New research reveals how a diet rich in red meat increases risk for cardiovascular disease (CVD). Building on earlier research that indicated a metabolic byproduct called TMAO (trimethylamine N-oxide) formed when gut bacteria digest red meat and other animal products heightens risk for CVD, the new study identifies the genetic machinery and biochemical process through which gut bacteria sequentially convert dietary carnitine into γBB (gamma-butyrobetaine), TMA (trimethylamine) and finally, TMAO.

“Blood levels of TMAO are a predictor of future risks of heart attack, stroke, and death,” said Stanley Hazen, MD, PhD, who directs the Center for Microbiome & Human Health, chairs the department of Cardiovascular Disease & Metabolic Sciences at The Cleveland Clinic, and is a practicing physician. TMAO promotes blood clotting and atherosclerosis.

Stanley Hazen, MD, PhD, is senior author of the paper.

The study was published in the journal Nature Microbiology on December 23, in an article titled, “The microbial gbu gene cluster links cardiovascular disease risk associated with red meat consumption to microbiota l-carnitine catabolism.” The new findings clarify the links among γBB, red meat ingestion and CVD risks, and identifies the microbial genes that convert γBB to TMA.

“These new studies identify the gut microbial gene cluster responsible for the second step of the process that links a red meat-rich diet to elevated cardiac disease risks,” said Hazen, senior author of the paper. “This discovery helps point us towards new therapeutic targets to prevent or reduce diet-associated cardiovascular disease risk.”

Hazen said, multiple gut microbes can convert dietary carnitine to γBB, but very few can transform the γBB to TMA, the precursor to TMAO. “In omnivores, Emergencia timonensis is the primary human gut microbe involved in the transformation of γBB to TMA/TMAO. Conversely, long-term vegetarians and vegans have very low levels of this microbe in their gut and therefore have minimal to no capacity to convert carnitine into TMAO.”

Based on analysis of human plasma samples and clinical data from nearly 3,000 patients, the researchers show higher fasting γBB levels were associated with CVD, non-fatal heart attack, stroke and death.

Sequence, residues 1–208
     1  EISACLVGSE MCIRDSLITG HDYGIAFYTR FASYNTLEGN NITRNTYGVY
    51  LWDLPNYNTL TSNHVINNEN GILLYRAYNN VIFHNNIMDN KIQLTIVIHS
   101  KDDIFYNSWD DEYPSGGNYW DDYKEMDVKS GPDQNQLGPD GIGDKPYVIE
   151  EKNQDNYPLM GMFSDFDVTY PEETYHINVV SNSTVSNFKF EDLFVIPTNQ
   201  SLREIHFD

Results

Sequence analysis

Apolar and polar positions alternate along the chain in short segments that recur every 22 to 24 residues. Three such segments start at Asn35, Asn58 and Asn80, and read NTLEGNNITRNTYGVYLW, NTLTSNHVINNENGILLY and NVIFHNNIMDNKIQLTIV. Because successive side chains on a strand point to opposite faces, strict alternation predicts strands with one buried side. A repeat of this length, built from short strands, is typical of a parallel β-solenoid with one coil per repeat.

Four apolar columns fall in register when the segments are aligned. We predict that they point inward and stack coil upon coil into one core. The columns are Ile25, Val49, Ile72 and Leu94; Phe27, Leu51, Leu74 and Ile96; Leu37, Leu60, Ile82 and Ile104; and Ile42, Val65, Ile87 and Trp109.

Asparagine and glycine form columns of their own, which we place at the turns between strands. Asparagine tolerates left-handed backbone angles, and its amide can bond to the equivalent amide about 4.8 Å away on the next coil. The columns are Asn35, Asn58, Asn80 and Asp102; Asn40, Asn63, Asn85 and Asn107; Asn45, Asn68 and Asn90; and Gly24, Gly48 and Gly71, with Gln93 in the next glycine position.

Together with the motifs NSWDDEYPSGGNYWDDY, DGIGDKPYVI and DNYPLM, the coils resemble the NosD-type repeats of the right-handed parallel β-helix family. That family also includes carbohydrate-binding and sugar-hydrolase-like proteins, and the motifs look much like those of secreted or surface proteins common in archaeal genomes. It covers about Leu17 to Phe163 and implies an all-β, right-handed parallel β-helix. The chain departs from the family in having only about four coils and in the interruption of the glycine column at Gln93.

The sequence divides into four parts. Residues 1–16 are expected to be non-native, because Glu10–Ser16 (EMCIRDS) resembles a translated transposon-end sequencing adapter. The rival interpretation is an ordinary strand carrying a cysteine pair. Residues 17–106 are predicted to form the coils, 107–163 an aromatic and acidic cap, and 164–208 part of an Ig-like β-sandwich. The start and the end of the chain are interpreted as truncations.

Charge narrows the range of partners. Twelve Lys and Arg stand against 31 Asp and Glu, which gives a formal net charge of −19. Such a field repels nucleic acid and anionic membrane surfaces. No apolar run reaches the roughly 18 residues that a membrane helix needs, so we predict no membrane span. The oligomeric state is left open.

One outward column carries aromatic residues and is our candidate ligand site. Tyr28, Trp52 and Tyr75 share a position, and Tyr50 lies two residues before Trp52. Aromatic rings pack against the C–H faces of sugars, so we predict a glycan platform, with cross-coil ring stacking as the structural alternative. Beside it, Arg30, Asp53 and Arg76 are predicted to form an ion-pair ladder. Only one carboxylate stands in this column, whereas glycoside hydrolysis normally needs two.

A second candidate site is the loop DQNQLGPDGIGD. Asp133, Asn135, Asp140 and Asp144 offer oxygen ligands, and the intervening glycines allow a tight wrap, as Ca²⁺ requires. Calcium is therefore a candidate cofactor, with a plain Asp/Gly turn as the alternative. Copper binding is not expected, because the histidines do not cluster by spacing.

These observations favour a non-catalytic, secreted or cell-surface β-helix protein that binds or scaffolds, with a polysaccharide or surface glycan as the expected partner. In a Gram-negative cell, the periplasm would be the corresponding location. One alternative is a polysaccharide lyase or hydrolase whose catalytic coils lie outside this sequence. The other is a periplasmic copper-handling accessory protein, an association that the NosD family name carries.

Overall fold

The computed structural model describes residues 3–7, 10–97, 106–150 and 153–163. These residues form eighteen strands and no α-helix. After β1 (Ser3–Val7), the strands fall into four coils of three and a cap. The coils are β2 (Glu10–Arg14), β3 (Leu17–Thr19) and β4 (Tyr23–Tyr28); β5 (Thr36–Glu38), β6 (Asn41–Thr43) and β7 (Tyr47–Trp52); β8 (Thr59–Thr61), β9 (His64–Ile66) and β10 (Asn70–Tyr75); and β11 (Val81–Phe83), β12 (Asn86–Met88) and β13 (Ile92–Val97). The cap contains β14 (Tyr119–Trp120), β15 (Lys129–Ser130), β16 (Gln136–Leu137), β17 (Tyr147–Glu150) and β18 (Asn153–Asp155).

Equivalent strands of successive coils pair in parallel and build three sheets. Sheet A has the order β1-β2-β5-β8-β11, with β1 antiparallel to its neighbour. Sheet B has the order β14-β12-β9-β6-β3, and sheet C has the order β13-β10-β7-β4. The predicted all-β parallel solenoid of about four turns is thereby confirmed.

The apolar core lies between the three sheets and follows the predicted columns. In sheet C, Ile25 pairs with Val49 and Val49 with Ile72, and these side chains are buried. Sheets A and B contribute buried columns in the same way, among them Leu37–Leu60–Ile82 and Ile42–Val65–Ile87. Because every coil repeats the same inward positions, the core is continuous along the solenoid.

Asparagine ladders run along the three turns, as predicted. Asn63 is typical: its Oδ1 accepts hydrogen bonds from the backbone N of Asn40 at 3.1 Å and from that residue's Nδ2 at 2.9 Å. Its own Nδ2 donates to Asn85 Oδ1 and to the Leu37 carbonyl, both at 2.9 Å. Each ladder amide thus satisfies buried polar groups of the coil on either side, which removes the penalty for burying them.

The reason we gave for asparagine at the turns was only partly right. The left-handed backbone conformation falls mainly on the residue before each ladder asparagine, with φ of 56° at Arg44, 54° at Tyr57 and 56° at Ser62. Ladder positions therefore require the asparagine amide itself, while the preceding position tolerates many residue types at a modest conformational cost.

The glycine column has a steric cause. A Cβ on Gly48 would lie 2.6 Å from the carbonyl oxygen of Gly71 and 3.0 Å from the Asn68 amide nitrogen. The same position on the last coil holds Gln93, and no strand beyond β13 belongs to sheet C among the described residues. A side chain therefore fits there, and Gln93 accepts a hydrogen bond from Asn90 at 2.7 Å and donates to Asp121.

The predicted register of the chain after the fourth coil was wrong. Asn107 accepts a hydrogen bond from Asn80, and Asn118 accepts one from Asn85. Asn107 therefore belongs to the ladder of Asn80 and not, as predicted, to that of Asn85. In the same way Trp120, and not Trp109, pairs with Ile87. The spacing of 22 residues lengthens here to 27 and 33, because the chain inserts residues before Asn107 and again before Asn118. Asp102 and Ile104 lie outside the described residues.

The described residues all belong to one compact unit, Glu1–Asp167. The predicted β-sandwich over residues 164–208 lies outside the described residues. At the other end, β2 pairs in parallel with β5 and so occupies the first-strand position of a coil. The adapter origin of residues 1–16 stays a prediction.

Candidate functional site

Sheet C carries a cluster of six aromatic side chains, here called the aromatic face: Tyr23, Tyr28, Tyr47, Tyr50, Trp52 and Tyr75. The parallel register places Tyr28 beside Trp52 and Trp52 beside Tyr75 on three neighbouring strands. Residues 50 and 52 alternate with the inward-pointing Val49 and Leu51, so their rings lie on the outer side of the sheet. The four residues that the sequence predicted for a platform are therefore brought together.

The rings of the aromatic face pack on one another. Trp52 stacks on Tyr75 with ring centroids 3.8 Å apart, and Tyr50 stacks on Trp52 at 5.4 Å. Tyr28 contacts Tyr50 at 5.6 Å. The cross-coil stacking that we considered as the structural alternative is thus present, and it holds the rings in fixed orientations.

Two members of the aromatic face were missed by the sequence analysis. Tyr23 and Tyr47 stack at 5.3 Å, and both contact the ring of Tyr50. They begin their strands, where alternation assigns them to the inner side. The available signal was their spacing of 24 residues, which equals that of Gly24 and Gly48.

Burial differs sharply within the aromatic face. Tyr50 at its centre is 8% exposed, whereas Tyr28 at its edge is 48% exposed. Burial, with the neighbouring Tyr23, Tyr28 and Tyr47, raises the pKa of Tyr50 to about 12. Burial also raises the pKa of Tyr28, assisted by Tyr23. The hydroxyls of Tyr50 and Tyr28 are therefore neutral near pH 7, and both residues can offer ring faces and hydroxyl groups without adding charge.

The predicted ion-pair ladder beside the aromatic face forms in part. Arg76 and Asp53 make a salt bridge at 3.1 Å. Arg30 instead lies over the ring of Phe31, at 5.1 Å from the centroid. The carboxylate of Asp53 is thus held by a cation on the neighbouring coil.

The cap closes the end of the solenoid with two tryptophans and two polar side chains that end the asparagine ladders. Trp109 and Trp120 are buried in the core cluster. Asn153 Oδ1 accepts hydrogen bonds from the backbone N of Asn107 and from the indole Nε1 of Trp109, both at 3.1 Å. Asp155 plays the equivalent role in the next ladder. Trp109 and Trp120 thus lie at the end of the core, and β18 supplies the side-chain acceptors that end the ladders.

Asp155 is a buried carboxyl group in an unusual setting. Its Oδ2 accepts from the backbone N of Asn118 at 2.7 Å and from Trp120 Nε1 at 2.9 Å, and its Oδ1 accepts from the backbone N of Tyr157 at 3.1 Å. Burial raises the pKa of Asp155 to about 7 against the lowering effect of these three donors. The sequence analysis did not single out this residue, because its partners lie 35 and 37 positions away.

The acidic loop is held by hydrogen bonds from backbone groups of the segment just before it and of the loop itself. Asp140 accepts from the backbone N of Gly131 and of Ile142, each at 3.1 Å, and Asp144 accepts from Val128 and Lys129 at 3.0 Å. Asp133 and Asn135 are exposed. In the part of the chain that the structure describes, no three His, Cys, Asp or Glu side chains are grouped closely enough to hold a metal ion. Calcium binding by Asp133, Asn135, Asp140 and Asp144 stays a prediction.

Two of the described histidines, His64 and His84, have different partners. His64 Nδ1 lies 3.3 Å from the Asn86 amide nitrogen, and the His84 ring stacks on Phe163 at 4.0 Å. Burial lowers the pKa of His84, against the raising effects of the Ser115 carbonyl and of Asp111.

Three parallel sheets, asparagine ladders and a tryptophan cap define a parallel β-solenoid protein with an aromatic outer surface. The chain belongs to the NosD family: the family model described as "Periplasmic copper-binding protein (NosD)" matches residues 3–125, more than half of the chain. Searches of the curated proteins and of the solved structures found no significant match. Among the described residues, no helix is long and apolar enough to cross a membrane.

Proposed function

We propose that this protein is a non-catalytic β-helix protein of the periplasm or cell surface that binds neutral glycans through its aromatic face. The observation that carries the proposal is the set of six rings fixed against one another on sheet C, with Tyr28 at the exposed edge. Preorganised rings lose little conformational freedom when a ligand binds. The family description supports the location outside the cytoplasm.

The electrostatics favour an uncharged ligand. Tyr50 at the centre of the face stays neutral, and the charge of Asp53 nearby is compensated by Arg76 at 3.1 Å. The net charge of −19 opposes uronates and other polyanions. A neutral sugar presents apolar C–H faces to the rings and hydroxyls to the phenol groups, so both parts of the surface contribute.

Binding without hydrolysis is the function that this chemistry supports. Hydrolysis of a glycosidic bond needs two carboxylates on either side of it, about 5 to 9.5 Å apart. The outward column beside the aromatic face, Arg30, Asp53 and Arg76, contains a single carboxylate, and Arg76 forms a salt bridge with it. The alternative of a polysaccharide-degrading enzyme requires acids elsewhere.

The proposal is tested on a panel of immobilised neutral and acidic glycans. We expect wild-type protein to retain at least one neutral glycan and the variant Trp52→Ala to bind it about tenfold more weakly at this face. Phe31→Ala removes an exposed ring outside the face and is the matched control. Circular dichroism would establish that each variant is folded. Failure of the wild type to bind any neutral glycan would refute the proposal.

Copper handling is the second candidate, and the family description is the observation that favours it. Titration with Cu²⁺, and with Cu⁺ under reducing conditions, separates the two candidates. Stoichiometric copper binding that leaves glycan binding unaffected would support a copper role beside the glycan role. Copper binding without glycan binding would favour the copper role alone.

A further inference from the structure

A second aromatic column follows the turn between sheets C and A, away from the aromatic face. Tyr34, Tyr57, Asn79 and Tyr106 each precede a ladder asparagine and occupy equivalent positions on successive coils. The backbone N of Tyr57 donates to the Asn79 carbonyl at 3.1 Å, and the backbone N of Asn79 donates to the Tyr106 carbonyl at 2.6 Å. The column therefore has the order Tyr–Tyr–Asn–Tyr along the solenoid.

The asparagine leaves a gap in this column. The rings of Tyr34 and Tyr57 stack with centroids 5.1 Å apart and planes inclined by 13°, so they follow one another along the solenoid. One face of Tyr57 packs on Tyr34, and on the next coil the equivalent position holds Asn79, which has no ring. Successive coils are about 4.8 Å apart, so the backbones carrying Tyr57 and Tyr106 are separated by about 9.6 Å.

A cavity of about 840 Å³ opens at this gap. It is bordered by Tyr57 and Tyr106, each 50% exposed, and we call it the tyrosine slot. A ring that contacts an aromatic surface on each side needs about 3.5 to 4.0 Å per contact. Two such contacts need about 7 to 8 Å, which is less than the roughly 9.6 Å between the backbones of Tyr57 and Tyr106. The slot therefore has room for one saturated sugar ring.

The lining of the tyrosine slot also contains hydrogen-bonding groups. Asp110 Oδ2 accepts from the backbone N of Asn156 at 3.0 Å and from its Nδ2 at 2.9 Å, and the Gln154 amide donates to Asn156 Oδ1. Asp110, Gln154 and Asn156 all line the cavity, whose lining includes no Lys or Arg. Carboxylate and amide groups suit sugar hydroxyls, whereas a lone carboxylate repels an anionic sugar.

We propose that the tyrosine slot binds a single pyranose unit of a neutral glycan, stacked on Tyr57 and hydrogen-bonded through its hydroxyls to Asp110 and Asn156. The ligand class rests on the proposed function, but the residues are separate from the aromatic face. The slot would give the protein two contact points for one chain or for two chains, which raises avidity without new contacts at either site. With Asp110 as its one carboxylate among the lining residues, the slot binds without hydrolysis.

The researchers cultured human fecal samples and conducted microbial transplantation studies in germ-free mice with defined synthetic microbial communities and found introducing the human gut bacteria Emergencia timonensis that can metabolize γBB into TMA, completes the metabolic transformation of carnitine to TMAO, increasing plasma TMAO levels and the likelihood of thrombosis in recipient mice after arterial injury.

Through RNA-sequencing of Emergencia timonensis, the researchers identified a six-gene cluster that they called ‘gbu’ for ‘gamma-butyrobetaine utilization’. Expression of the genes in the gbu cluster increases in response to γBB.

Based on combinatorial cloning and functional analysis the researchers identified four genes in this cluster (gbuA, gbuB, gbuC and gbuE) that can recapitulate the conversion of γBB to TMA when introduced in another bacterial species, Escherichia coli, indicating their essential role in the biochemical conversion.

Finally, by analyzing 113 patient samples from a clinical, randomized diet, intervention study, the authors show that the abundance of fecal gbuA is linked to plasma TMAO levels and a red meat-rich diet.

“Patients who transitioned to a non-meat diet went on to exhibit reduced gut microbial levels of gbuA. This suggests that dietary modifications may help reduce diet- and TMAO- associated cardiovascular disease risk,” Hazen said. “The gut microbial gene cluster discovered is now a therapeutic target for development of pharmacological agents.  Work on that is ongoing.”

The research was performed as part of a collaboration between Hazen’s team and Procter & Gamble, and was funded by the National Heart, Lung & Blood Institute (NHLBI), the Leducq Foundation and Procter & Gamble.

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